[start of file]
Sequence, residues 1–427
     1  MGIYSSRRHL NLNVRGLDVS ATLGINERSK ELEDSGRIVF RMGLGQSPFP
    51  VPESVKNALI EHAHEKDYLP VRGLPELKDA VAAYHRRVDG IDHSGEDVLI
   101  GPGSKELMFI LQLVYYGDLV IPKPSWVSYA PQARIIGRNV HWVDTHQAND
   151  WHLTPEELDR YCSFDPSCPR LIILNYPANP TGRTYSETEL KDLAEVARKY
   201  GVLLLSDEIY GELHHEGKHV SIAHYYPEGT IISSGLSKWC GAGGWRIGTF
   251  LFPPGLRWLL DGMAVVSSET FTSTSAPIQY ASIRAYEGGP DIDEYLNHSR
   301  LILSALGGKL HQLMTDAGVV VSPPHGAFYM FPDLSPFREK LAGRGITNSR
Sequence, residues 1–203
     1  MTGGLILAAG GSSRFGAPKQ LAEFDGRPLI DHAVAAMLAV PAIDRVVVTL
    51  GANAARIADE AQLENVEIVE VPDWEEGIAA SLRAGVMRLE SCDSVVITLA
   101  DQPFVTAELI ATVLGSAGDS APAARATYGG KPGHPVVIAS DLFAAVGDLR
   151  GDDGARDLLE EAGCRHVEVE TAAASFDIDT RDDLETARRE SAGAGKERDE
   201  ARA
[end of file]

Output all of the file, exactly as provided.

Sequence, residues 1–427
     1  MGIYSSRRHL NLNVRGLDVS ATLGINERSK ELEDSGRIVF RMGLGQSPFP
    51  VPESVKNALI EHAHEKDYLP VRGLPELKDA VAAYHRRVDG IDHSGEDVLI
   101  GPGSKELMFI LQLVYYGDLV IPKPSWVSYA PQARIIGRNV HWVDTHQAND
   151  WHLTPEELDR YCSFDPSCPR LIILNYPANP TGRTYSETEL KDLAEVARKY
   201  GVLLLSDEIY GELHHEGKHV SIAHYYPEGT IISSGLSKWC GAGGWRIGTF
   251  LFPPGLRWLL DGMAVVSSET FTSTSAPIQY ASIRAYEGGP DIDEYLNHSR
   301  LILSALGGKL HQLMTDAGVV VSPPHGAFYM FPDLSPFREK LAGRGITNSR
Sequence, residues 1–203
     1  MTGGLILAAG GSSRFGAPKQ LAEFDGRPLI DHAVAAMLAV PAIDRVVVTL
    51  GANAARIADE AQLENVEIVE VPDWEEGIAA SLRAGVMRLE SCDSVVITLA
   101  DQPFVTAELI ATVLGSAGDS APAARATYGG KPGHPVVIAS DLFAAVGDLR
   151  GDDGARDLLE EAGCRHVEVE TAAASFDIDT RDDLETARRE SAGAGKERDE
   201  ARA